Electoral math, post Super Tuesday; Richard Honaker’s judicial activism; mobilizing for Obama.



In January launched a rotating guest blog,

Passing Through

, featuring monthly stints by some of America’s most celebrated political bloggers. Next up is

David Roberts

, the senior staff writer at

, an online journal of green politics and culture. He blogs there daily, even obsessively, mainly on politics and energy. He also has a monthly column on green business in Fast Company magazine. Look for David’s posts on our website through February.


The race for the Democratic nomination, as we’ve been reminded over and over, is a battle for delegates. Going into Super Tuesday,

Barack Obama


Hillary Clinton

by sixty-three to forty-eight pledged delegates. As we go to press following a twenty-two-state bonanza, the margin between the candidates was practically the same–or possibly tighter. On Wednesday morning, the Obama campaign claimed a twenty-eight-delegate lead, 910 to 882. The Clinton camp said it was up by five. CNN put Obama up thirteen. It takes 2,025 delegates to clinch the nomination. Prepare for a long ride.

Between February 9 and February 12, five states–along with DC and the Virgin Islands–will hold primaries and caucuses, awarding 475 delegates. Polling has been scant in the upcoming contest, but Obama retains an advantage in a number of states, including Louisiana and the so-called Potomac Primaries of Maryland, Virginia and DC. The Virgin Islands, with a whopping nine delegates, is too close to call. If the Democratic nominee isn’t clear after that, the delegate-rich states of Wisconsin (February 19), Ohio and Texas (both March 4) will loom even larger. If the race stretches into April, Pennsylvania’s 188 delegates could prove decisive.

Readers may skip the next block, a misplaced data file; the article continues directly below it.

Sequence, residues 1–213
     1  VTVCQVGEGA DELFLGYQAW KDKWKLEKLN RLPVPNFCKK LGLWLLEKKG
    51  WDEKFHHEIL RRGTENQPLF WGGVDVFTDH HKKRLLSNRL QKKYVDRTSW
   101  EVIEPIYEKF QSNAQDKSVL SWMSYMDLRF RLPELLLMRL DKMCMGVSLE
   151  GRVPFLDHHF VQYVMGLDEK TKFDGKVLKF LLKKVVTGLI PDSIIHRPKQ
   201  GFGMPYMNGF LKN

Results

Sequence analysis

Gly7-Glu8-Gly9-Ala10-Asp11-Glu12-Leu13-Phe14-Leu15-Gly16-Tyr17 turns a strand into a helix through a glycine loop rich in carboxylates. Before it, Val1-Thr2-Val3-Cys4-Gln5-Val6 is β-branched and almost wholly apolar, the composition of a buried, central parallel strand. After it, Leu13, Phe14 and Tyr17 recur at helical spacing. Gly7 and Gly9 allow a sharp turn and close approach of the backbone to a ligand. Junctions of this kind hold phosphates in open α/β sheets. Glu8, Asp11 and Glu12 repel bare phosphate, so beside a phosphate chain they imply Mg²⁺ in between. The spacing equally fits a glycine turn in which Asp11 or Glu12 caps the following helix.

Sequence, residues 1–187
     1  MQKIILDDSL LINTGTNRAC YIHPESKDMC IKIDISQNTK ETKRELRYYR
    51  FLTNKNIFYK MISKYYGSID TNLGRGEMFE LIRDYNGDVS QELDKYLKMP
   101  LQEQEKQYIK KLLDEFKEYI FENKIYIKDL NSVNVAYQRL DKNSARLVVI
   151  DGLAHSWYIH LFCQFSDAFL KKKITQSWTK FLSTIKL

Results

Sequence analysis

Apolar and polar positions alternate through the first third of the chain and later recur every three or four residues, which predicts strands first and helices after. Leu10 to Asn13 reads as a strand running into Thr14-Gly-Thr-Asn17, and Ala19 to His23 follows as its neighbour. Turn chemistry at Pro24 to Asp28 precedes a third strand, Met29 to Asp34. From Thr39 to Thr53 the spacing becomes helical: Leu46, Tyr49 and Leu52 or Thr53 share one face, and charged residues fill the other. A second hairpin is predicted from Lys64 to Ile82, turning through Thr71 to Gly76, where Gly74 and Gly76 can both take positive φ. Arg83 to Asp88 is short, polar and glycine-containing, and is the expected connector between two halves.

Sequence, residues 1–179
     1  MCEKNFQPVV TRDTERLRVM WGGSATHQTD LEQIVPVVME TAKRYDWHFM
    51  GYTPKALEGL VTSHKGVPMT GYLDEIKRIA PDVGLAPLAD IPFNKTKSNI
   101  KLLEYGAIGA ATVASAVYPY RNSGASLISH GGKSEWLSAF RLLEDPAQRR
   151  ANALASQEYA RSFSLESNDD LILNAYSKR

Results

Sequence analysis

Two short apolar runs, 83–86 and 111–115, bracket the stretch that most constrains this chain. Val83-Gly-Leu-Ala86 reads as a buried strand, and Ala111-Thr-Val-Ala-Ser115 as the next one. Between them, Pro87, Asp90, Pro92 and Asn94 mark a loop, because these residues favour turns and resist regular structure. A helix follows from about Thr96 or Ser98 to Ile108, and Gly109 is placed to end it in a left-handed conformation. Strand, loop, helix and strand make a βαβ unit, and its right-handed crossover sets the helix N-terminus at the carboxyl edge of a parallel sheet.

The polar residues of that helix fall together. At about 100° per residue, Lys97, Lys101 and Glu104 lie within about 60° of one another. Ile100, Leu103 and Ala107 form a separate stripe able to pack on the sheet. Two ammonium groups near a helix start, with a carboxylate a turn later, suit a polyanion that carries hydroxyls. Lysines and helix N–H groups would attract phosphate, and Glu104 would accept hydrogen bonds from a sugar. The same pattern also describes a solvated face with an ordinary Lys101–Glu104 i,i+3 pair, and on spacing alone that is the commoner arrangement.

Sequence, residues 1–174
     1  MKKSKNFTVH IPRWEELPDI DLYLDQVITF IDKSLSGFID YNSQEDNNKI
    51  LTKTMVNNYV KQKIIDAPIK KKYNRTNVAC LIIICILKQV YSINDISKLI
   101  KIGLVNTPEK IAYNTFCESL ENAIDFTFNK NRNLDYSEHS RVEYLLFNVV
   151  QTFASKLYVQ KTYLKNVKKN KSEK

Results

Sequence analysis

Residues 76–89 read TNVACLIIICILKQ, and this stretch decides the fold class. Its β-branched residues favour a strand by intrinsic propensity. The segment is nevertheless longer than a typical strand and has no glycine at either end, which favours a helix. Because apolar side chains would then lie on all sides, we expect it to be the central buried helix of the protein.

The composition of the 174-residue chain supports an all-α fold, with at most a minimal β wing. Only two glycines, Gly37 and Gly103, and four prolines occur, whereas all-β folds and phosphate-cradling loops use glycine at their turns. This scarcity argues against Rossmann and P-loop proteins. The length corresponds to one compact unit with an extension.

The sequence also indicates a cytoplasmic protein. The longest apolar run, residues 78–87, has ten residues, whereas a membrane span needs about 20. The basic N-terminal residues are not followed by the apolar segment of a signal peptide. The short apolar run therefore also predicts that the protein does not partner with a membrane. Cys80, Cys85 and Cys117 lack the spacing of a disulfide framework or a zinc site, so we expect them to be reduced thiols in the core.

Or not. Factor in the party’s elusive “superdelegates”–the 842 unpledged party operatives and elected officials not chosen by primary voters but by the Democratic establishment–and Clinton retains an estimated ninety-delegate advantage. The superdelegates can switch allegiances at any time, making an unpredictable race even more, well, unpredictable.

And then there’s the tricky predicament of Florida and Michigan, stripped of their delegates by the Democratic National Committee but eager for a say at the convention. Clinton “won” the two meaningless primaries and wants her share of what would be more than 300 delegates. After skipping both contests, Obama has been forced to defend the party’s rules. With every delegate more critical than the next, the national party will face pressure to broker a preconvention agreement. Paging

Howard Dean



According to a Google News search conducted on February 6,

Richard Honaker

, President Bush’s latest radical nominee to the federal bench, has not been mentioned even once by a major newspaper, TV or radio station, or Internet news site this month.